Brits use spare pandemic cash to pay off credit card debt
October was the eighth successive month in which repayments outstripped borrowing, and the largest drop over a 12-month period since the pandemic began.
This could be attributed to people choosing to pay off debt or reduced usage of credit, and the reduction of large expenditure on items such as holidays due to the continued travel restrictions.
The volume and value of card transactions also fell in October compared to the previous month, as tougher Covid-19 measures were introduced.
There were 1.7 billion debit and credit card transactions in the UK in October 2020, a 0.4% decline from September and 3.6% lower than in October 2019.
These transactions amounted to a total spend of £64.2bn, which was 2.5% less than the previous month, but 4.9% higher than October 2019.
Figures from UK Finance also show that the number of contactless transactions on debit and credit cards decreased in October as people’s spending behaviour changed due to social distancing restrictions.
The proportion of spending made using contactless cards also fell, as Covid-19 restrictions provided fewer opportunities for people to spend money in pubs, restaurants and on public transport.
More than four in 10 (41%) card transactions were contactless in October, compared to 44% the same month the previous year.
There was a total of 687 million contactless card transactions in October, 1.9% lower than in September and 9.8% lower than October 2019.
However, the total value of contactless transactions, at £8.1bn, was 15.8% higher than October 2019 as people had the opportunity to take advantage of the increased £45 payment limit.
Eric Leenders, managing director of personal finance at UK Finance, said: “October saw card spending decline in the UK as additional social distancing measures and Covid-19 restrictions were put in place across the country, reducing opportunities to spend on the high street and in pubs, bars and restaurants.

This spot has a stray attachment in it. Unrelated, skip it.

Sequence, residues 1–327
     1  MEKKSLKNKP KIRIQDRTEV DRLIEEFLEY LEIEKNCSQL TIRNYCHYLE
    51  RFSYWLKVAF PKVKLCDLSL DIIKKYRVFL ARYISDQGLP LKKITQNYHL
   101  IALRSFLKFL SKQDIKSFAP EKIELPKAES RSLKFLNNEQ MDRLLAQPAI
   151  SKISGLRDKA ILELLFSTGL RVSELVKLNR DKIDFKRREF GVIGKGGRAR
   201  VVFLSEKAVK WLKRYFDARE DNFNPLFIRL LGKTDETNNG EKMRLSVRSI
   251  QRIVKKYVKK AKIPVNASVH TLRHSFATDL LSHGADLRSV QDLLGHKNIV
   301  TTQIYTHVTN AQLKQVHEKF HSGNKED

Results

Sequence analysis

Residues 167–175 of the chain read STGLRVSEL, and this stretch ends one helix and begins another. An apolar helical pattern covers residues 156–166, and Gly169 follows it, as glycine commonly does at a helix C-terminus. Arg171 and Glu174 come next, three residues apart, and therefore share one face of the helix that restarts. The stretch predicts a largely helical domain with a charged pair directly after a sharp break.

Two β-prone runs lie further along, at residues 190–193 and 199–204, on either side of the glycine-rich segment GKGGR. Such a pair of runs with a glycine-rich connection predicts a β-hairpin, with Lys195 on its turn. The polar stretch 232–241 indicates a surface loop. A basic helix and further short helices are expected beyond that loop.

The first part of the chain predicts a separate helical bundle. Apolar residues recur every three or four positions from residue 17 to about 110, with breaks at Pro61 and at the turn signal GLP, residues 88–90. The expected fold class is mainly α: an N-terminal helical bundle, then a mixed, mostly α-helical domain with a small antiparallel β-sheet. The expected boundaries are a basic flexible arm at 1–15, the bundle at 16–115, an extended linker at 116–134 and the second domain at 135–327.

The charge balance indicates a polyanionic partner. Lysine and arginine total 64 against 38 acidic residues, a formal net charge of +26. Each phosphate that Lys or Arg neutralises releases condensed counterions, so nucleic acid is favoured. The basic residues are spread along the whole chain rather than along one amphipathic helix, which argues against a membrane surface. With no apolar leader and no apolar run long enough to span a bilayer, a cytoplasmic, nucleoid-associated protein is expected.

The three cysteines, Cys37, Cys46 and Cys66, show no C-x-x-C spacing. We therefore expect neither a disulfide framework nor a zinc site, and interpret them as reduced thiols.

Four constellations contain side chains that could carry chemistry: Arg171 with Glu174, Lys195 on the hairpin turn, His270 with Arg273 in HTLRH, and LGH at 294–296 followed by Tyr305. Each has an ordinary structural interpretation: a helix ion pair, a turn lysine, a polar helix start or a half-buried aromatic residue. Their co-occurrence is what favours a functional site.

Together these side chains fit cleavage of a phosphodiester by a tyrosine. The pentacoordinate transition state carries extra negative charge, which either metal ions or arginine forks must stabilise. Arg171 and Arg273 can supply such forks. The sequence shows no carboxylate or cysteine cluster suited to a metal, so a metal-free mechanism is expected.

“Spending on contactless cards also fell as regional lockdowns came into force, restricting use of contactless across retail outlets. However, contactless remained popular for essential transactions, with consumers being able to make use of the increased £45 payment limit.
“Outstanding balances on credit card accounts fell for the eighth month in a row, reaching the largest drop over a twelve-month period since the pandemic began – indicating that more people were paying off debt, or fewer making use of credit.”
Laith Khalaf, financial analyst at AJ Bell, said: “One of the silver linings of the pandemic has been an opportunity for many people to use the enforced frugality of lockdown to reset their finances. As a result, credit card balances have been dropping like a stone and we can expect this trend to continue while we remain in lockdown.
“Paying off expensive credit card debt is precisely what consumers should be doing with the money they are saving in their monthly budget. Around half of credit card balances charge interest, and at an average rate of 17%, that’s a big monkey to get off your back if you can.”